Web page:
The CONFIRM trial compared DMF with glatiramer acetate in a head-to-head study. The results showed comparable reductions in annualized relapse rates with glatiramer acetate and with DMF. In addition, compared with placebo, reductions in annualized relapse rates were proportionally higher with DMF than with glatiramer acetate injection (44% with twice-daily DMF, 51% with 3-times-daily DMF, and 29% with glatiramer acetate (Figure 2).2
In summary, the availability of comparative pivotal trials with 2 oral agents (fingolimod and DMF) enables direct comparison of the tolerability, clinical efficacy, and expected reduction in relapse rates with these newer agents versus existing injectable agents. The CONFIRM trial and the TRANSFORMS trial offer patients with RRMS, and the health care professionals who care for them, more detailed information about the safety and efficacy offered by new agents for RRMS, with direct comparisons with older therapies.2,3

The TRANSFORMS study was a 24-month,1027-patient extension trial that evaluated clinical results with patients transitioning from a low-dose, low-frequency interferon (weekly interferon beta-1a) to oral fingolimod in 1 of 2 doses (0.5 mg or 1.25 mg). All patients in the study had an initial Expanded Disability Status Scale (EDSS) score ≤5.5. Investigators monitored RRMS relapses, each patient’s EDSS every 3 weeks, and performed an MRI at baseline, month 3, and month 24.9 Annualized relapse rates were not significantly different with 0.5-mg or 1.25-mg fingolimod (16% and 20%, respectively). However, use of weekly interferon beta-1a was associated with a significantly higher annualized relapse rate (33%) than with either dose of fingolimod (P <.001).9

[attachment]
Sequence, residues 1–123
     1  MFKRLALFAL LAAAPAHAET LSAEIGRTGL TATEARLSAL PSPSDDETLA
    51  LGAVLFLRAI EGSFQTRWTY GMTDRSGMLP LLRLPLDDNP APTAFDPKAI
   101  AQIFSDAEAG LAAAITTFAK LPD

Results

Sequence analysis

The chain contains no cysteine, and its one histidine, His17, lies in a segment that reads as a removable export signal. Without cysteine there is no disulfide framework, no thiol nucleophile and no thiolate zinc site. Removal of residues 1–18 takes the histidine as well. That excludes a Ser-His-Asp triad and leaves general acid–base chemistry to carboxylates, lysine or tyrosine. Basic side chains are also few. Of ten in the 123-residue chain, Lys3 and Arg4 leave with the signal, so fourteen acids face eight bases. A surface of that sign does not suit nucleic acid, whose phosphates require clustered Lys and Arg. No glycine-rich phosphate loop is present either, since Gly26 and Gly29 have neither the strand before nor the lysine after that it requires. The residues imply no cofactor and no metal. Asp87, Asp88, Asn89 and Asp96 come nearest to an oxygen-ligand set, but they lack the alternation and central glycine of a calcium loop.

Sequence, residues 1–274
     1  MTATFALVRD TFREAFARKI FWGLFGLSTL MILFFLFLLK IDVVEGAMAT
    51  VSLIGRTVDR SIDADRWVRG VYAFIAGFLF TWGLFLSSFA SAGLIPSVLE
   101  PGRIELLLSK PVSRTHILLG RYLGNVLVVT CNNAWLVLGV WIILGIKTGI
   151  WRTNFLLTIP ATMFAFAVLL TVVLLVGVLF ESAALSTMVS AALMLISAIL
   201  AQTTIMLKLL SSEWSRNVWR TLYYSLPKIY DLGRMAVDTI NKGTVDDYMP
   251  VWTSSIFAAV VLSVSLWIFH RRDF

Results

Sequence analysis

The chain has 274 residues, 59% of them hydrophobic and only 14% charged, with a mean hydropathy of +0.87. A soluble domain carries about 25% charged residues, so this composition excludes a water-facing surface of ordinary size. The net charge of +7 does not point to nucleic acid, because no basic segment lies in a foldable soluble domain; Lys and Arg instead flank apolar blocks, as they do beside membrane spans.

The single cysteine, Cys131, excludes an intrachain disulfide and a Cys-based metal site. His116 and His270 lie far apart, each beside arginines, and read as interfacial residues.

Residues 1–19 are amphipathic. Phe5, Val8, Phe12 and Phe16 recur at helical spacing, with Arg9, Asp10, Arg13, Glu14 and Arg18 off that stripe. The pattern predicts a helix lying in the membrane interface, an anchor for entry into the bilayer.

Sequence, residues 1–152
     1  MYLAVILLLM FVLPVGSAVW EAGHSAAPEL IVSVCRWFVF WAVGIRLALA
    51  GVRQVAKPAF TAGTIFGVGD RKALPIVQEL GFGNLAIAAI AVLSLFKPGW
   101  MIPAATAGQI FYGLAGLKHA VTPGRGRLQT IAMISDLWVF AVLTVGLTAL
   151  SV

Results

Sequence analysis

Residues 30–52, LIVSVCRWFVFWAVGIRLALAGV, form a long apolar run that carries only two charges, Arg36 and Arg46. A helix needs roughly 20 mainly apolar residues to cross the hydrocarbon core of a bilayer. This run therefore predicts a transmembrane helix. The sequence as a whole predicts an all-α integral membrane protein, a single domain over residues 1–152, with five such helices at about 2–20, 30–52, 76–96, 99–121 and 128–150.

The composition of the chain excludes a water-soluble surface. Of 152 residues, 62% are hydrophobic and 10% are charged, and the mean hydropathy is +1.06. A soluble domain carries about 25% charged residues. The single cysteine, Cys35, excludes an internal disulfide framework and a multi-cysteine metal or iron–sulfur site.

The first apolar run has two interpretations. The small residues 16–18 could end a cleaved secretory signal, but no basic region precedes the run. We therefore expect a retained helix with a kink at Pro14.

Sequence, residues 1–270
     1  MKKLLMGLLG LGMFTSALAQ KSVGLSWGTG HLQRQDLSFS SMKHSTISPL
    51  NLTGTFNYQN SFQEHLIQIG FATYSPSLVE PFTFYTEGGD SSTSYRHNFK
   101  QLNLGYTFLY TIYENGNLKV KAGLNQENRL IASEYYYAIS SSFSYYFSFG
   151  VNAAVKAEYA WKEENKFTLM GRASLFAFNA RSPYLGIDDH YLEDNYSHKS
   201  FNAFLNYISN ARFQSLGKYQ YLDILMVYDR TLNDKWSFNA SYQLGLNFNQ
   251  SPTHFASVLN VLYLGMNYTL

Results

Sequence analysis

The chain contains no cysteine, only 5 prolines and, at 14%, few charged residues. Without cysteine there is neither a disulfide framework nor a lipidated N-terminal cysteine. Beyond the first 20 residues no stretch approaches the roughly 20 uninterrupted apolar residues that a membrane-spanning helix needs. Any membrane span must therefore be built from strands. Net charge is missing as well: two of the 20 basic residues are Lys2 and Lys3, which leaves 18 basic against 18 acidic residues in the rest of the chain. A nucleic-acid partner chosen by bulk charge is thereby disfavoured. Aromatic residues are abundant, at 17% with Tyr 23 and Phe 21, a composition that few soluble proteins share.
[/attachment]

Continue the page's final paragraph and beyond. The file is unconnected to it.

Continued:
The CONFIRM study was a 96-week, 1417-patient trial comparing clinical results with DMF 240 mg twice daily, DMF 240 mg 3 times daily, and a once-daily glatiramer acetate injection. All patients involved in the study had an initial Expanded Disability Status Scale (EDSS) score ≤5. Investigators monitored RRMS relapses and each patient’s EDSS every 12 weeks, and performed an MRI at baseline and at weeks 24, 48, and 96.2 Although all 3 treatments outperformed placebo, annualized relapse rates were lowest with DMF 240 mg twice daily (22%) and with DMF 240 mg 3 times daily (20%). In addition, annualized relapse rates were numerically, but not statistically, significantly higher with injectable glatiramer acetate (29%) than with either dose of DMF.2
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10. National Multiple Sclerosis Society. Medications. http://www.nationalmssociety.org/Treating-MS/Medications. Accessed May 2014.
11. Koch-Henriksen N, Sorensen PS, Christensen T, et al. A randomized study of two interferon-beta treatments in relapsing-remitting multiple sclerosis. Neurology. 2006;66(7):1056-1060.
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13. Radue EW, O’Connor P, Polman CH, et al; for FTY720 Research Evauating Effects of Daily Oral Therapy in Multiple Sclerosis (FREEDOMS) Study Group. Impact of fingolimod therapy on magnetic resonance imaging outcomes in patients with multiple sclerosis. Arch Neurol. 2012;69(10):1259-1269.